CARLISLE, PA., AUG. 20 -- Defensive tackle Darryl Grant, who has started 94 games and been a quiet, solid performer in his nine seasons with the Washington Redskins, ended his month-long holdout and came to training camp tonight.

Grant, who made $357,500 last season, agreed to a contract believed to be worth about $1.5 million over three years. His arrival means that for the second year in a row the Redskins are the first NFL team to have all their players in camp. Team officials are happy about that, but as General Manager Charley Casserly said, "We were the first team last year and didn't get to the playoffs, so I'm not sure what it means."

Grant, who negotiated the deal himself, began this dispute seeking about $2.2 million over three years. He probably knew he wasn't going to get it, but tested the Redskins' resolve for four weeks.

At the same time, his holdout may have been one of the friendliest in history. Casserly and Grant spoke dozens of times since minicamp and apparently never had an angry word. They finally worked out the deal during several long conversations today.

Grant, in fact, never said a public word about his contract and maintained that policy tonight, saying he would speak to reporters Tuesday.

"It was just time to get it done," Casserly said. "We're happy he's here and he looks good. He was happy and smiling and I hope we can go on from here. He'll be in uniform {Tuesday}."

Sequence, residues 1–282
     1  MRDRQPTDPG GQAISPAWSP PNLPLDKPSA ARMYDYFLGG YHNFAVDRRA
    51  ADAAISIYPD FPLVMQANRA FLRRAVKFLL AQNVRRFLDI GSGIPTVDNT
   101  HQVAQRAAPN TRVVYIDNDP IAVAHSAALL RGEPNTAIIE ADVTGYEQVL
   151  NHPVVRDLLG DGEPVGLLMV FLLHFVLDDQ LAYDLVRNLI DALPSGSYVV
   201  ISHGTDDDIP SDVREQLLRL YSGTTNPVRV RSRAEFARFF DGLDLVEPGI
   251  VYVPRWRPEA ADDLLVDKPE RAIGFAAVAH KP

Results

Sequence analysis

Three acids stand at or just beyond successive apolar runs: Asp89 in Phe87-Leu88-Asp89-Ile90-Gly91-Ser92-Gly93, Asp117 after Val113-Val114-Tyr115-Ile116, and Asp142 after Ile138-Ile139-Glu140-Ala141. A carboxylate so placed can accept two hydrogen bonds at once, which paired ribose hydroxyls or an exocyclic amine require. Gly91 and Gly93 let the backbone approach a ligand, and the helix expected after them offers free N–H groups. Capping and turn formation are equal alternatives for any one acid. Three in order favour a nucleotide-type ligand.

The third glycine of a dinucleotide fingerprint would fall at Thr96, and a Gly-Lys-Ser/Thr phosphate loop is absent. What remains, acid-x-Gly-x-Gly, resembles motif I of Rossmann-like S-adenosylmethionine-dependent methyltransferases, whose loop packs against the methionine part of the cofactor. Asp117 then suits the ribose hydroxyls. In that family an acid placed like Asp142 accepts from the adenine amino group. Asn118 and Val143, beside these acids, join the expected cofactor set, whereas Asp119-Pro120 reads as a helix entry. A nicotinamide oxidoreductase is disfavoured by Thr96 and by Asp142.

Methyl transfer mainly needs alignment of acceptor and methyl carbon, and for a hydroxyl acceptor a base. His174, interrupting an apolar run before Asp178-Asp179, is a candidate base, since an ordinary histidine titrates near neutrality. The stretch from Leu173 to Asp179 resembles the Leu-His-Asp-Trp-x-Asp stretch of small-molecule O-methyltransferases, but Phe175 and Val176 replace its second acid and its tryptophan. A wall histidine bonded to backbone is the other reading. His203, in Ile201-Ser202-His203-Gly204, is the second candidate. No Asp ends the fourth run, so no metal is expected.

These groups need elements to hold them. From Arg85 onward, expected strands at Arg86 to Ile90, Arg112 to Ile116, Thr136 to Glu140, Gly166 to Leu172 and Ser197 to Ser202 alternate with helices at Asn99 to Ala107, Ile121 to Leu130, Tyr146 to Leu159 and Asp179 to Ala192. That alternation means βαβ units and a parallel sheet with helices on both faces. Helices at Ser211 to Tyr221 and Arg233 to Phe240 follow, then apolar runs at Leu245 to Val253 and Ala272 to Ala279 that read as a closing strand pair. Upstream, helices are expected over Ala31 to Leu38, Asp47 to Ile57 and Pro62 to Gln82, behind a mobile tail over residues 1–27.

The Redskins will ask the NFL for a roster exemption to allow him to practice this week. But if they choose to play him Saturday night against in Cleveland, a player will have to be cut to maintain the 80-man roster.

Team officials had begun to worry that if the holdout lasted much longer Grant would have trouble getting in game shape for the Sept. 9 regular season opener at RFK Stadium against Phoenix. He reports with the Redskins scheduled to work only three more days at Dickinson College before returning to Redskin Park.

"I don't care how much you've been working out on your own," defensive line coach Torgy Torgeson said. "It's not like being here and pushing on another body."

Grant's arrival gives the Redskins a lift in an area they badly need it. Only Charles Mann has been at his regular spot -- left end -- during the first two preseason games, and coaches generally haven't given high grades to the replacement players.

Now with Grant probably on the field Saturday and tackle Tracy Rocker back at practice, the Redskins have three-fourths of their defensive line intact. Only right end Fred Stokes, who has a sore shoulder, is out, and veteran backup Markus Koch will take his place.

That means that Plan B signees Milford Hodge and Pat Swoopes, rookie Kent Wells and veteran free agent Alonzo Mitz will compete for a couple of backup spots, which was the plan for them all along.

It also means that, depending on how quickly Stokes is ready to play, the Redskins could have their regular line together for at least one preseason game.

"We were getting down to it," Casserly said. "The bus was leaving pretty soon, but Darryl will be on the bus. Having everyone here is a step in the right direction. It's not the solution, but it's a step in the right direction."

Every other NFL team has at least one holdout and the Redskins' NFC East rivals, Philadelphia and New York, still have several players missing.